The word brasil is said to come from the Portugese brasa for ember, because of the flaming red hue you can make with it. Unfortunately the Brazilian tree is now on the endangered list, but modern brazilwood comes from Ceasalpina Sappan, grown in managed plantations in south east Asia. In fact it seems that the plant gave the name to the country as a whole, certainly an unusual occurence.

https://www.lib.umn.edu/bell/tradeproducts/brazilwood

http://www.wildcolours.co.uk/html/brazilwood.html

https://en.wikipedia.org/wiki/Caesalpinia_echinata

Thus we have two different yet related plants on opposite sides of the world sharing the same general name and the man in the street or at least the dyer not being able to distinguish them, not that it mattered because he got the correct result anyway. I don’t however recall any brazil wood dye being detected in cloth from medieval or Tudor Britain, but I could be wrong about that.

So, on to the practical stuff. Continue reading

Gunpowder that doesn’t go bang

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I was at the local council fireworks tonight when I remembered a strange little legend that was widely known during the post medieval period, although I do wonder when it first arose.

It is of gunpowder that doesn’t make a noise when it explodes.

In the early 17th century, we have Francis Bacon mentioning a white gunpowder which “will discharge a piece without noises: and it is a dangerous Experiment if true.”

Fortunately for his reputation, he went on to write, “But it seems to me impossible; for it confined air be drive out, and strike the open air, it will certainly make a noise.”

http://books.google.co.uk/books?id=DNQRDPIb_aAC&pg=PA188&lpg=PA188&dq=gunpowder+that+makes+no+noise&source=bl&ots=ZtR2HIdim6&sig=4BFjFu-HjehY4jDeDvAsVJQ9eus&hl=en&sa=X&ei=Zo1aVJ_wDJPbsATf0YGYDQ&redir_esc=y#v=onepage&q=gunpowder%20that%20makes%20no%20noise&f=false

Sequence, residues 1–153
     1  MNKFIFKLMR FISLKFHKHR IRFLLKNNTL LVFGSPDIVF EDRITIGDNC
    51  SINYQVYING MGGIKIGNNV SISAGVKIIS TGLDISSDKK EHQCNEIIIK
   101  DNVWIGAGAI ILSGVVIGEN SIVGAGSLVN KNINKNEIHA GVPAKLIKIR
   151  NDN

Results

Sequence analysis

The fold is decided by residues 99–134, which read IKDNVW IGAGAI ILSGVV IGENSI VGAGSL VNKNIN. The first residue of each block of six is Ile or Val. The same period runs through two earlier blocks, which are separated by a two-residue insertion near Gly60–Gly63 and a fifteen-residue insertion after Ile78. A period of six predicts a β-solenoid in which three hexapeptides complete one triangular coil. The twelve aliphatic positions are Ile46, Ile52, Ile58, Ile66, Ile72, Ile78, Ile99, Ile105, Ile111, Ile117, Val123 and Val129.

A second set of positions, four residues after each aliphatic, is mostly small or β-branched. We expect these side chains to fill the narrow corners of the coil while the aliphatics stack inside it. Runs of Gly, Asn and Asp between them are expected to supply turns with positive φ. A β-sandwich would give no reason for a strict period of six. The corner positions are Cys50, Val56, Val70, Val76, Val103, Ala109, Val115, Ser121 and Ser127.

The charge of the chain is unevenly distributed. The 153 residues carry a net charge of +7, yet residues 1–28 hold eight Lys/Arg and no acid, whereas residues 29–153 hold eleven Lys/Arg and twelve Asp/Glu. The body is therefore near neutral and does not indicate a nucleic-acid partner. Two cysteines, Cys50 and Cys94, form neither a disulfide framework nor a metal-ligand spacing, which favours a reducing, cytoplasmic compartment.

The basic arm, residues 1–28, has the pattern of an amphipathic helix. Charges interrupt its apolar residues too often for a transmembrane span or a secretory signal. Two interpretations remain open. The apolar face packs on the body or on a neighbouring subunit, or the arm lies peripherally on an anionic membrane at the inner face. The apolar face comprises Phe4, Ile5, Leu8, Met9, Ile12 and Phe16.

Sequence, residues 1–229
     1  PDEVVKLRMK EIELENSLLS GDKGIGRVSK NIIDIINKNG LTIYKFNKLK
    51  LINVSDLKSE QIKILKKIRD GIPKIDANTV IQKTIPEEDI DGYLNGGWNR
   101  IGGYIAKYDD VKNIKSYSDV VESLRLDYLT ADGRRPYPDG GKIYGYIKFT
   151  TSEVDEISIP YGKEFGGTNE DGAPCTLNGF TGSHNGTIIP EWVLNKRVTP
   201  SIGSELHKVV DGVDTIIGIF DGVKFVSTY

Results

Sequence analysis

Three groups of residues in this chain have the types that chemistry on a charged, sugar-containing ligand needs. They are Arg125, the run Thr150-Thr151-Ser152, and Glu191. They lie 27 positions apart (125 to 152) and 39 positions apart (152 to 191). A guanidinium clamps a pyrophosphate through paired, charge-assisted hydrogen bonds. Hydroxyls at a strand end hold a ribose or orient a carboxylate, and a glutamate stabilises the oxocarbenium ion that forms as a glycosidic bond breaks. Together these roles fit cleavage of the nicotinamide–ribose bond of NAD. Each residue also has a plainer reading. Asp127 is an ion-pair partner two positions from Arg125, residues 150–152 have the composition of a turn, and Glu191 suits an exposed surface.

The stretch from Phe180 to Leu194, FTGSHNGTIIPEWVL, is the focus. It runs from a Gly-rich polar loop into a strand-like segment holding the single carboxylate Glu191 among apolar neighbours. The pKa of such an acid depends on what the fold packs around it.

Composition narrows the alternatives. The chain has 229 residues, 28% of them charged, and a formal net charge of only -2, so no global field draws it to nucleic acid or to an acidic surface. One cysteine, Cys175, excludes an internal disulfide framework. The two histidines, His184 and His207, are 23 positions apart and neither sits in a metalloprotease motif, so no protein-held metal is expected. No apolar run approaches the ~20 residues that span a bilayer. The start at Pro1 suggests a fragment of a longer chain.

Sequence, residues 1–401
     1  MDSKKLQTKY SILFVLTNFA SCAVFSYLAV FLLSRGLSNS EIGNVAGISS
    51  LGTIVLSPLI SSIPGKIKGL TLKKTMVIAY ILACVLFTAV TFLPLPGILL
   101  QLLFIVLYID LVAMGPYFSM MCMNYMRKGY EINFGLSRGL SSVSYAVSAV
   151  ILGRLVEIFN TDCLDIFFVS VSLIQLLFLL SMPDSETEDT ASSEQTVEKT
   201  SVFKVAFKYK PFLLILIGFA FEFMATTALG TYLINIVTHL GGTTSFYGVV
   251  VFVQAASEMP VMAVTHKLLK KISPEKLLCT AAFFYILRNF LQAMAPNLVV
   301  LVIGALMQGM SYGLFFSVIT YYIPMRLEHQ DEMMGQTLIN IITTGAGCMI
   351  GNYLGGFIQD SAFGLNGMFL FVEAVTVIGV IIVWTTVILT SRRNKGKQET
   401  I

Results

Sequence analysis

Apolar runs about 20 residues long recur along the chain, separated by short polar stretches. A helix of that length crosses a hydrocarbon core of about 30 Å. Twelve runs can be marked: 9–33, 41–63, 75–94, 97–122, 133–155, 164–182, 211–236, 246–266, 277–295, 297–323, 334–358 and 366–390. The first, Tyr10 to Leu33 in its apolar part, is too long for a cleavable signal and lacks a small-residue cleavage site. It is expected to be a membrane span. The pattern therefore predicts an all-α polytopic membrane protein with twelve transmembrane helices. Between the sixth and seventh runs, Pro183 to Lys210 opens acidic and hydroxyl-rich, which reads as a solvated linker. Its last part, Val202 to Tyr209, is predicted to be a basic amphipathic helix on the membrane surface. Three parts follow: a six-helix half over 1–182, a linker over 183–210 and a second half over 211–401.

But then he goes on to discuss how it might might possible to achieve an explosion and operation of a gun without the confined air meeting the open air.

J. R. Partington, in his book “A history of Greek Fire and Gunpowder”, still a good starting point for the history of both substances, wrote that “The idea of noiseless and (apparently) flameless gunpowder is found in old European works.”

http://books.google.co.uk/books?id=fNZBSqd2cToC&pg=PA272&lpg=PA272&dq=noiseless+gunpowder&source=bl&ots=VoH9V5qq8E&sig=hvf2rE77xOG2bnA6PtLqTSTGSRY&hl=en&sa=X&ei=1Y1aVNrXHcWmgwTDl4LgCg&redir_esc=y#v=onepage&q=noiseless%20gunpowder&f=false

Certainly, in the 1540 “De Pyrotechnia” of Biringuccio, based on the previous decades of his life and work, he writes, “There are many who start a lie circulating by saying that they make a powder that does not make a noise when guns are fired with it. This is impossible for the aforesaid reasons since fire and air are present, and far from being able to do what they say in artillery, they would not do it in one of those popguns that children are accustomed to shoot when laurel berries are ripe. Besides this, other things could be mentioned in which it is recognised that everything proceeds from the shattering of the air when they are struck.”

(Page 416 of the Dover Paperback of Smith and Gnudi’s translation)

He had previously explained the noise made by firing a gun as due to the hot air inside meeting cold air outside, the air pushed out of the gun by the bullet colliding with the air outside, etc etc.

So the interesting thing is where and when did this idea originate? I have been unable to find any more information so far, but suspect it comes from either an early book of secrets (Which contained many impossible recipes as well as ones that did work) or from a pseudo-magical book of some sort written by someone who was not actually involved in alchemy or foundry work or anything practical.

If anyone has any ideas it would be nice to know.

2011 fireworks photo